The birth of television in the 1960s meant that suddenly protests and civil unrest could be broadcast directly into Kiwi homes. This episode of 50 Years of New Zealand Television looks at many of those events — involving everything from the Vietnam War and the Springbok tour, to Bastion Point and the Homosexual Law Reform Act. It also examines how being televised altered their impact. Interviews with both protestors and reporters provide a unique insight into what it was like to be living through extraordinary periods of New Zealand history.
New Zealand politics was a gentler art in the pre-Muldoon early 1970s, when superstar English TV interviewer David Frost made the first of two series downunder. Here he talks to Prime Minister Norman Kirk, and opposition leader Jack Marshall. Kirk is assured and statesmanlike (an act that proves hard for Marshall to follow) as he discusses topics ranging from supporting beneficiaries, to opposing French nuclear testing. ‘Big Norm’ purposefully talks about being in the job for another 25 years. Tragically, he died in office 13 months later.
This 2001 Mercury Lane episode is based around pieces on author Maurice Shadbolt, and OMC producer Alan Jansson. With Shadbolt ailing from Alzheimer’s, Michelle Bracey surveys his life as an “unauthorised author” (Shadbolt would die in 2004). Next Colin Hogg reveals Jansson as the “invisible pop star” behind OMC hit ‘How Bizarre’ and more. The show is bookended by readings from Kiwi poets: Hone Tuwhare riffs on Miles Davis, Fleur Adcock reads the saucy Bed and Breakfast, and Alistair Te Ariki Campbell mourns a brother who fought for the Māori Battalion.
Shaun Brown’s distinguished television career spans 45 years, beginning as a reporter with the NZBC. In his early days as a journalist, he covered a number of historic stories including the nuclear bomb tests on Mururoa Atoll, and the funeral of New Zealand Prime Minister Norman Kirk. Brown moved from reporting to producing, followed by executive roles as the Head of TVNZ News and Current Affairs and then the boss of TV ONE. He then moved to Australia to head up the Special Broadcasting Service.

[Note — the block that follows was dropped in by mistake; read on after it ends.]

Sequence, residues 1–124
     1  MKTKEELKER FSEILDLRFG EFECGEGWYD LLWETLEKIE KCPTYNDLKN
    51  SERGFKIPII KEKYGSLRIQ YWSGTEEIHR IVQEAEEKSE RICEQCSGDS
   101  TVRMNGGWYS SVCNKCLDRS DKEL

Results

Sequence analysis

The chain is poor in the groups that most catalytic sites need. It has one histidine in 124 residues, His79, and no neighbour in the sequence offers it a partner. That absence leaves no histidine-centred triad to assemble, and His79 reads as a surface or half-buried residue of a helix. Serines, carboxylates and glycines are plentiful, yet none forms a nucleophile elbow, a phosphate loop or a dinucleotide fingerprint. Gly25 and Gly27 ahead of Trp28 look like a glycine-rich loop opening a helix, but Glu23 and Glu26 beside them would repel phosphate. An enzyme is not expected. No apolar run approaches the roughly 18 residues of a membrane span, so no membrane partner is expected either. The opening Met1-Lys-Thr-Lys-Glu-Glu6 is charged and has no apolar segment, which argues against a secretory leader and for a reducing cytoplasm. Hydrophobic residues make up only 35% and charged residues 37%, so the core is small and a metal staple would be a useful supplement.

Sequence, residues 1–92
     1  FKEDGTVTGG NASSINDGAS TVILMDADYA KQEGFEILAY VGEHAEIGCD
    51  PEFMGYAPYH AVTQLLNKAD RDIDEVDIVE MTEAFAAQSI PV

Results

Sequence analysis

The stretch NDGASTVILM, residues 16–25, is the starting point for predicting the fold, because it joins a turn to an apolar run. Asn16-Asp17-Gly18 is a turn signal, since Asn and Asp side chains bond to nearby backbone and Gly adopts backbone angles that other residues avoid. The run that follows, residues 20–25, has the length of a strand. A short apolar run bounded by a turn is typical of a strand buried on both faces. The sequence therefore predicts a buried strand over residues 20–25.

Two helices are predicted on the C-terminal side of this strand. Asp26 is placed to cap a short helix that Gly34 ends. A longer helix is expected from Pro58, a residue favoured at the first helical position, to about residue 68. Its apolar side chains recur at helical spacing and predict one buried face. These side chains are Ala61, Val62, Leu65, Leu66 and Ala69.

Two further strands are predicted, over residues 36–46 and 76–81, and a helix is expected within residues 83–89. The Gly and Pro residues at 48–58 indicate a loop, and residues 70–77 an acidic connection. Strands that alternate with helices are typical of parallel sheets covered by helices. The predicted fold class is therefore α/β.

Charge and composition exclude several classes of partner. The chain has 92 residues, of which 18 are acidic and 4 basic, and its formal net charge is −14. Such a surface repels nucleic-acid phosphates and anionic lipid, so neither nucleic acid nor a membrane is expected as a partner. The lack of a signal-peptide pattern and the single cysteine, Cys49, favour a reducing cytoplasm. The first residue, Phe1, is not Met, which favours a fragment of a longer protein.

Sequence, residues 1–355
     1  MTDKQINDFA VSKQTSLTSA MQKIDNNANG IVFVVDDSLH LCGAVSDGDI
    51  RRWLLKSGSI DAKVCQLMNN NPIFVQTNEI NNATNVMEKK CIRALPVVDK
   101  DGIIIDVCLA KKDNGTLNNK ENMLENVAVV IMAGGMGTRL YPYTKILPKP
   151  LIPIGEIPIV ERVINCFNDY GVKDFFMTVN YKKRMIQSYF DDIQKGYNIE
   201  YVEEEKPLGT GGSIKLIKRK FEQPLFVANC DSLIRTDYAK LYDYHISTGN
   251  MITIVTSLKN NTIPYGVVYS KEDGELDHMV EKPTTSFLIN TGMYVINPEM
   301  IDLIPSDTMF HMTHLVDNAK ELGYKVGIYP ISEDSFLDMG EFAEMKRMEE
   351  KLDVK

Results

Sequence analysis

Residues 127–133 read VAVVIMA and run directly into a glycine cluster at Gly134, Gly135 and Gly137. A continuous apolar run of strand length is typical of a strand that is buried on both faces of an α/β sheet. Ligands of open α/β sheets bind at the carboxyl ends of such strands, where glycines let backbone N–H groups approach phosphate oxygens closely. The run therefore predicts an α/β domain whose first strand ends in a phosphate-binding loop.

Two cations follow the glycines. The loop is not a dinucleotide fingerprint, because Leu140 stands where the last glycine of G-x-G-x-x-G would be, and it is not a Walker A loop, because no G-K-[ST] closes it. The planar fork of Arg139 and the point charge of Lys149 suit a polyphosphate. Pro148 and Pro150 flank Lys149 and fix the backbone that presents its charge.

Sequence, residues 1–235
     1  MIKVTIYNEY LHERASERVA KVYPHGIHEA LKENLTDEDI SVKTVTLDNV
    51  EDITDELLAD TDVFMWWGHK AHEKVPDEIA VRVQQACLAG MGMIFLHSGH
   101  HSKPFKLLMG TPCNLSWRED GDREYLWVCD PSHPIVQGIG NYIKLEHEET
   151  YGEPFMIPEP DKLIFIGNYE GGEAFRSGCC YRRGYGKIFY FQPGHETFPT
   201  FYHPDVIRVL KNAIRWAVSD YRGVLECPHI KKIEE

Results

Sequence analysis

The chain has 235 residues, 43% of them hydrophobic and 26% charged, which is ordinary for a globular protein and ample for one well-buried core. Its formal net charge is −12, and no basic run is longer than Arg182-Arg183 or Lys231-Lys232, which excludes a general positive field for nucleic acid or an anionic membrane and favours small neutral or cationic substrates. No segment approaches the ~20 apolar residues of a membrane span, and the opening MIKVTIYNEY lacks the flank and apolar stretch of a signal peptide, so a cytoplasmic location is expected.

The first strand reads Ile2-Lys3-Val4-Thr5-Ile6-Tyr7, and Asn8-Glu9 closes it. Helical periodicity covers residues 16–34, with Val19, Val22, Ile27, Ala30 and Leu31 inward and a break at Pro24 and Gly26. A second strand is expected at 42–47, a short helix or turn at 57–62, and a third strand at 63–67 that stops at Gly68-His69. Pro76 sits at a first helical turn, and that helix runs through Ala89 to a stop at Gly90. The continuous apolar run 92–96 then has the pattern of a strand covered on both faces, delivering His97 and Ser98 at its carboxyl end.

This NFU film follows the maiden voyage of HMNZS Otago. Built at a Southampton shipyard, she was the first ship made for the Royal New Zealand Navy. The anti-submarine frigate is shown undergoing sea trials in 1960, before a haka on the Thames and a bon voyage from Princess Margaret send the Otago homewards. There are visits to ports in the Mediterranean, Suez, Singapore and Australia (where the crew enjoy shore leave) before arrival in Dunedin in January 1961. The Otago later supported protests against nuclear testing at Mururoa; she was decommissioned in 1983.
“When old and young come together to do this, it shows the strength of their convictions.” This film is a detailed chronicle of a key moment in the Māori renaissance: the 1975 land march led by then 79-year-old Whina Cooper. A coalition of Māori groups set out from the far north for Wellington, opposed to further loss of their land. This early Geoff Steven documentary includes interviews with many on the march, including Eva Rickard, Tama Poata and Whina Cooper. There is stirring evidence of Cooper’s oratory skills. Steven writes about making the film in the backgrounder.
Alister Barry has been making intelligent and provocative documentaries for more than three decades. Barry's films reflect his longtime interest in how power is exercised in a democracy, and how the decisions of the powerful impact on ordinary people's lives.
From trainee reporter to TVNZ’s Head of Television and then on to Managing Director of Australia’s Special Broadcasting Service, Shaun Brown’s career spanned 45 years. And all but four of those years were linked directly to public broadcasting. While the latter half of his career saw him increasingly taking on executive roles, he brought with him the experience of having worked at almost every level of the business.
Paul Henry has run his own radio station, and reported from Bosnia and Iraq. After presenting episodes of TV staples This is Your Life and Close Up, he won both fans and regular controversy during seven straight-talking years co-hosting live show Breakfast. After joining company MediaWorks he began hosting the three-hour long Paul Henry in April 2015. The morning show plays simultaneously on TV3, radio and online.
Brian Latham was behind the camera on some of New Zealand's earliest drama series, including Pukemanu and Section 7. Latham left his native England for Aotearoa in the early 60s. He worked in Wellington for the National Film Unit and the NZ Broadcasting Corporation, then did many more years of television in Auckland. He was also a stills photographer. Latham passed away on 15 June 2018.